Cavan solicitor Eirinn McKiernan says she is “honoured” after being appointed to the bench as a judge of the District Court last week.
The current president of the Cavan Bar Association, and local mother-of-two, received her nomination by the president to the District Court, Judge Rosemary Horgan, before being signed off by Minister for Justice and Equality, Charlie Flanagan TD.
Ms McKiernan is one of five new judges appointed, filling the vacancy which arose following the untimely death of the late Judge Gráinne O’Neill from Athlone.
One of eight siblings to parents Frank and Margaret, the Lacken-native is the first local legal representative to be called to the bench since Cormac Dunne was appointed as a judge of the District Court in 2002.
“I’m honoured and delighted,” Ms McKiernan told the Celt. “Charles Flanagan, Minister for Justice called me called me last Tuesday (July 10) to inform me. I wasn’t expecting it, so it was quite a shock.”
Ms McKiernan is a solicitor with over 20 years’ experience, starting off in 1999 when she began working in Smith Foy and Partners in Dublin, the senior partner of which, the late Kevin Smith has family connections to Con Smith’s bar in Butlersbridge.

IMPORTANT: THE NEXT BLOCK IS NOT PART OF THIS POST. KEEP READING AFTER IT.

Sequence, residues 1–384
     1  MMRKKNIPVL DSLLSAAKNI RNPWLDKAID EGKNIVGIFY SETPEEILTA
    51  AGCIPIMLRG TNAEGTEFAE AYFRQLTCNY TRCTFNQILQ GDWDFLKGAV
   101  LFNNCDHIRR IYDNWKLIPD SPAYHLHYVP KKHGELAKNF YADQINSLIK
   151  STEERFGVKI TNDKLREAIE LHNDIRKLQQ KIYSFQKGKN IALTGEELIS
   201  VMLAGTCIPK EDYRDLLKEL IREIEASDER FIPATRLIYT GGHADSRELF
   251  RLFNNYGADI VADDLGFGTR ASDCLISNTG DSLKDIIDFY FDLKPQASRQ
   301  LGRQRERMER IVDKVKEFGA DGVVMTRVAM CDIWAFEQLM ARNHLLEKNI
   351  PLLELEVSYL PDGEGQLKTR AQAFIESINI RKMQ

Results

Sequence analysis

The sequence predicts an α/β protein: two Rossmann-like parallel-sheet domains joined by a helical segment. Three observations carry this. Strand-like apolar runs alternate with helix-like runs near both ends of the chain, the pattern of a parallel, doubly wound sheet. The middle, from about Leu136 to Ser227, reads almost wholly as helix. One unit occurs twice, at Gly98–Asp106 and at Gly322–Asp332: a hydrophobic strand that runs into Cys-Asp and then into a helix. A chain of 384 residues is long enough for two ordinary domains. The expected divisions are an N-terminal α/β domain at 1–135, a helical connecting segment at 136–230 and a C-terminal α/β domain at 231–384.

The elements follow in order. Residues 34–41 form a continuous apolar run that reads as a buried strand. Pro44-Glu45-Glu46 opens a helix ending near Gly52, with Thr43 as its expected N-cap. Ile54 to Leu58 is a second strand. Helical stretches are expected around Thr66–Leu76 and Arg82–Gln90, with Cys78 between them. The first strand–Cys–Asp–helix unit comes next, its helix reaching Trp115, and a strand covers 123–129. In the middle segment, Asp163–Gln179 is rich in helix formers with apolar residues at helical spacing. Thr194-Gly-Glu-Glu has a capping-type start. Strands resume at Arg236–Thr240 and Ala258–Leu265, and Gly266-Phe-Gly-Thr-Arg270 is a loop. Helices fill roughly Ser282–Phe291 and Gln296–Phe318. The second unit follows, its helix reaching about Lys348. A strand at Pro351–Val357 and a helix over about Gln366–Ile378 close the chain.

Ms McKiernan remained there until returning to work in Cavan establishing her own practice in 2006 at Ashe Street, Cavan Town.
“It will be a big change, it will certainly be challenging, but it will be nice,” says Ms McKiernan, who will be officially sworn in at a ceremony towards the end of this month.
It’s expected Ms McKiernan will be placed as a movable judge, initially in Dublin, until a permanent vacant position opens up as she is officially assigned.
“I’ve been receiving calls from everybody. It has been wonderful really. Everyone is so delighted. [Judge] Cormac Dunne was the last appointment, so it doesn’t come around too often, so I’m very proud and hopefully I’ll fill the position well.”
She adds: “The Cavan Bar is wonderful group of people. There is great collegiality among members and everyone is made to feel welcome. I will be sad leaving Cavan.”
Welcoming the appointments last week Minister Charlie Flanagan TD said the appointments underline the Government’s commitment to ensuring vacancies in the courts are filled in a timely manner to ensure access to justice. Since 2016 there have been 39 judicial appointments – with 14 judicial appointments in 2016, 16 in 2017 and 15 to date in 2018.
The nominations were made by the Government after it received lists of suitable candidates from the Judicial Appointments Advisory Board, and ahead of new legislation which sets up a new commission to recommend judges for nomination by the Government.
There has been calls to reform the way judges are selected with accusations levelled in the past that politicians have appointed “their friends” as judges for years. Judges, meanwhile, have strongly rejected these criticisms, most recently repeated by Independent Alliance member and Minister for Transport and Tourism, Shane Ross.
In his statement, Mr Flanagan noted the “good progress” made in the Judicial Appointments Commission Bill, currently before the Seanad.